How long do dental crowns last? Sometimes called "caps", dental crowns are used to protect and restore teeth that have been damaged or are decayed to a point where fillings are no longer an option. A crown covers the entire tooth, protecting it from future damage and allowing it to look and feel as natural as possible. But if you don't care for them properly, crowns can fail. They aren't resistant against cavities or gum disease. The good news is that with good oral hygiene and dental crown care (including flossing every day) you can help your new crown last for several years to come.
The average life span of a dental crown is about 10 years. At least a minimum of 5 years is to be expected, but they can last for 25 years or longer if you have the right dental crown care routine. However, it’s important to note that there are many factors that affect how long your dental crown will last. Such as your diet, how often you're flossing, and the type of dental crown that your dentist uses.
For example, temporary crowns that are usually made out of a composite material or stainless steel won't last very long. Even eating and chewing on them can pull the crown off or cause it to fracture. But if you have a higher quality zirconia crown, it will withstand more pressure on a day-in, day-out basis. Today it's common for dentists to use higher quality solid ceramics, rather than porcelain fused to metal crown designs, since those types of restorations are more prone to the porcelain crowns breaking off. And if you're someone who clenches and grind your teeth a lot, a gold crown may be better for back teeth, since it can withstand heavy wear and tear without giving out compared to the porcelain fused to metal crowns.
The only exception about how long crowns last is the ones that are placed on top of dental implants. Since implants aren’t natural teeth and they can’t erode, a crown can stay bonded on top of them indefinitely. But if you clench/grind your teeth excessively, the restoration might gradually break down due to wear and tear. If you’re replacing a missing tooth with a dental implant and crown, you’ll usually see those crowns last longer than any of the ones on anatomical teeth.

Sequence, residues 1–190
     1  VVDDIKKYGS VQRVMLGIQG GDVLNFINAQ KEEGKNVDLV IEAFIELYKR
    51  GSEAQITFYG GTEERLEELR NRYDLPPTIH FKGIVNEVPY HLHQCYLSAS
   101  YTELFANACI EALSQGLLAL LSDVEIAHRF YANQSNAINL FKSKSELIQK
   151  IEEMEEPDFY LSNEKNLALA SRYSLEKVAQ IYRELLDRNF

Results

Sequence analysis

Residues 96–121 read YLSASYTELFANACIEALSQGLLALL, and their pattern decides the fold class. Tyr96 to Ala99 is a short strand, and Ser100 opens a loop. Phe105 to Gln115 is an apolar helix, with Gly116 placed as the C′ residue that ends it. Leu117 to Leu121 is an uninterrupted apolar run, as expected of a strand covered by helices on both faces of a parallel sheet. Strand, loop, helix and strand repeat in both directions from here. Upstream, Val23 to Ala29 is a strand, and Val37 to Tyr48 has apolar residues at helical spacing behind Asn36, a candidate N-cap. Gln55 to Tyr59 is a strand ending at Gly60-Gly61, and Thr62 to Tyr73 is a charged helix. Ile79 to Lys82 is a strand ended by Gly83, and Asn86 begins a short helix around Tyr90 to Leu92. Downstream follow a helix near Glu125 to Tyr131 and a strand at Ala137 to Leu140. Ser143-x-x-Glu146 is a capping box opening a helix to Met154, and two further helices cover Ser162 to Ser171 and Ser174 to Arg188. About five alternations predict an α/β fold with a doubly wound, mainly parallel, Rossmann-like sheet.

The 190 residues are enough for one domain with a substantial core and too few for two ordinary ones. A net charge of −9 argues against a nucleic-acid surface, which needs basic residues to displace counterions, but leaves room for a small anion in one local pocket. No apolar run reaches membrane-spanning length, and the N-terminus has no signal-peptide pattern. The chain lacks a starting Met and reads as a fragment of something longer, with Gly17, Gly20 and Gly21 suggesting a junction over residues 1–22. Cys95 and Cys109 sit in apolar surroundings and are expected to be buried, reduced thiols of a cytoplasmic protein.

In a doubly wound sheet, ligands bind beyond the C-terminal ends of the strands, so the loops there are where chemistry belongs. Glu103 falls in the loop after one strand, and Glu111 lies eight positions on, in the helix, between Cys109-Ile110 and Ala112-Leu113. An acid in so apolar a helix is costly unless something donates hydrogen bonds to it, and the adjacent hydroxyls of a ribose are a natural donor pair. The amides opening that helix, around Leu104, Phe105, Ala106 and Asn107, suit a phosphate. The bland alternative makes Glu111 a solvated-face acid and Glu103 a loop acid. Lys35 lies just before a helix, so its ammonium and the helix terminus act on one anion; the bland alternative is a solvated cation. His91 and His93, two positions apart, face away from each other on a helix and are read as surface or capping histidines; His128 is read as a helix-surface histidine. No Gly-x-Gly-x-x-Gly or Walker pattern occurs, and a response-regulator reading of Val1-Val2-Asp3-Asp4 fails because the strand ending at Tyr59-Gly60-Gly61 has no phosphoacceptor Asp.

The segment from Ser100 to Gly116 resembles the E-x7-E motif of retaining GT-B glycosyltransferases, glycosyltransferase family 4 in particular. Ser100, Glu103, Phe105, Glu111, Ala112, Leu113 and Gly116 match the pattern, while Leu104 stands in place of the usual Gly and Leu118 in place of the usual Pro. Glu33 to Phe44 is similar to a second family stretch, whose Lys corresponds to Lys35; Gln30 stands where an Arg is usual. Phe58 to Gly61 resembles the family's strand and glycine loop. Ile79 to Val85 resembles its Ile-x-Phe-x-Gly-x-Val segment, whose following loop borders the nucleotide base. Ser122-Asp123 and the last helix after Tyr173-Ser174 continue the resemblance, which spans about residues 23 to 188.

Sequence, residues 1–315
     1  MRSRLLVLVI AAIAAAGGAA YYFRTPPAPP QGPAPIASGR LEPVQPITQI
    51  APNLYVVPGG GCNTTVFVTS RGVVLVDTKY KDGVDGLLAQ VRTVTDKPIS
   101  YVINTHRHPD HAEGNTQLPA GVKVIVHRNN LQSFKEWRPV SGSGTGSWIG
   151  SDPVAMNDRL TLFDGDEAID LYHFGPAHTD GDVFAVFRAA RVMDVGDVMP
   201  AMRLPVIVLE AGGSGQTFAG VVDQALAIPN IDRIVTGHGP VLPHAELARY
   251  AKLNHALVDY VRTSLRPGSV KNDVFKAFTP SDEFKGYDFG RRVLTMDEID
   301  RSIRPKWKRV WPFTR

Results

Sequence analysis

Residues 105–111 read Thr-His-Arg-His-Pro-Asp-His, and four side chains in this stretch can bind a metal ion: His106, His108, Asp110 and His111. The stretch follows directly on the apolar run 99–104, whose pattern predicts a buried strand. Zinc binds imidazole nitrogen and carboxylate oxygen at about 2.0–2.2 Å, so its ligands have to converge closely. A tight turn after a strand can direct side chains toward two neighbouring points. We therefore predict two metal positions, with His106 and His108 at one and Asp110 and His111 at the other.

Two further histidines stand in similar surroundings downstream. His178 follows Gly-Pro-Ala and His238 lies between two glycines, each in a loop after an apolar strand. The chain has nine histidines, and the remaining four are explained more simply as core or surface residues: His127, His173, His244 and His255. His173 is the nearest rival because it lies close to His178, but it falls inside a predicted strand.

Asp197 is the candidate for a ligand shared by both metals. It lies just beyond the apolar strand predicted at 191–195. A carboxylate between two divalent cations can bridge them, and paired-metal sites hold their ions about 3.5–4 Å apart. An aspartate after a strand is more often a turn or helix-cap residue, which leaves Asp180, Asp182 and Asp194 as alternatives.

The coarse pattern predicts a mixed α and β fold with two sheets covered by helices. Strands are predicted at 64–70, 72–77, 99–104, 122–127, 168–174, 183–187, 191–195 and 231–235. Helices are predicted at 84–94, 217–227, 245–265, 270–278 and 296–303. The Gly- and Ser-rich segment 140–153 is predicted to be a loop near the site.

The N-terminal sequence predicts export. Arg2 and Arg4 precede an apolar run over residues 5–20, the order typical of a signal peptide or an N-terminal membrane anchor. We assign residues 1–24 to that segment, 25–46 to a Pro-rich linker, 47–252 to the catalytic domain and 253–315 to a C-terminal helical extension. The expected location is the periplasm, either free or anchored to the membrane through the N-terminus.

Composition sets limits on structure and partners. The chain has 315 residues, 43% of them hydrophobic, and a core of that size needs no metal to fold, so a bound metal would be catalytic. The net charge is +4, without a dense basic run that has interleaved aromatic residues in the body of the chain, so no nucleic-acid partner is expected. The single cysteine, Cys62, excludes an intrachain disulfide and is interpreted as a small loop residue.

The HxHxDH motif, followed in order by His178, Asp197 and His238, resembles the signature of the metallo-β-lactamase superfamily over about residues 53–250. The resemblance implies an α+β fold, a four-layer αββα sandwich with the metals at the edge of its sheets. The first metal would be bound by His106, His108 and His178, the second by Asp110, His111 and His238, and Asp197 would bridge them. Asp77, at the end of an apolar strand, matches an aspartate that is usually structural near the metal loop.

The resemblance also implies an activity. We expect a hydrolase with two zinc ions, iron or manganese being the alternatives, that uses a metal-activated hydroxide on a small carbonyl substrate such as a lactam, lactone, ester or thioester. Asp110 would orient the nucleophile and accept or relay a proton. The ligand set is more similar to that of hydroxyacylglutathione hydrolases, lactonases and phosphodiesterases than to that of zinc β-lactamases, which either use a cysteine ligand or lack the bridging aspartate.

Here are some important tips to work into your dental crown care routine:
An appointment with your dentist every six months will help them spot any warning signs of potential issues. With regular cleanings and X-rays you can stay on top of dental concerns before they evolve into bigger and more expensive problems down the road.
Anything that's sticky enough to pull paint off the wall could also loosen your dental work, be it a crown, bridge, filling, or something else.
A lot of people assume that flossing will pull their crown off, but it's actually the opposite. Not flossing around your dental crown is more of a problem, because it allows plaque buildup to compromise the seal next to your tooth. Flossing is an important step when it comes to helping your crown last as long as possible.
Do you clench or grind your teeth a lot? Are you waking up with headaches? Are there flat or worn teeth elsewhere in your mouth? A nightguard can help you prevent your crown from fracturing while you sleep.
If you get a cavity in an adjacent tooth, treat it right away. Cavities can "jump" from tooth to tooth, so you don't want active decay anywhere near your dental crown. Good oral hygiene is key.
What should your everyday dental crown care routine look like? Ideally, it will be almost identical to the way you care for your natural teeth.
Good oral hygiene and proper care are critical. First, brush your teeth at least twice a day with a soft or gentle electric toothbrush. Focus on your gum line and margins around your dental crown. Brush with fluoride toothpaste for at least two minutes at a time. Since crowns have a tiny margin around the edge, plaque can stick to those spaces more easily. Don’t skip them!
Third, visit your dentist for regular checkups at least twice a year. Your crowns need to be cleaned too. But it’s ok to visit more often if you have any doubts about your dental work.
These days dental crowns are becoming more popular than ever. Especially thanks to same-day milling technology (think 3D digital dental crowns) and dental implants. If you’re planning on getting a crown or already have one placed, it’s good to know what you should do every day and how they can be preserved for as long as possible.
With good hygiene and help from your dentist, 5-10 years or even longer! It’s not uncommon every now and then to hear about someone have their crown last 15+ years with good home care. Just keep in mind that’s usually not normal for most people. You want to purposely have a good dental crown care routine to help get the most out of your investment.
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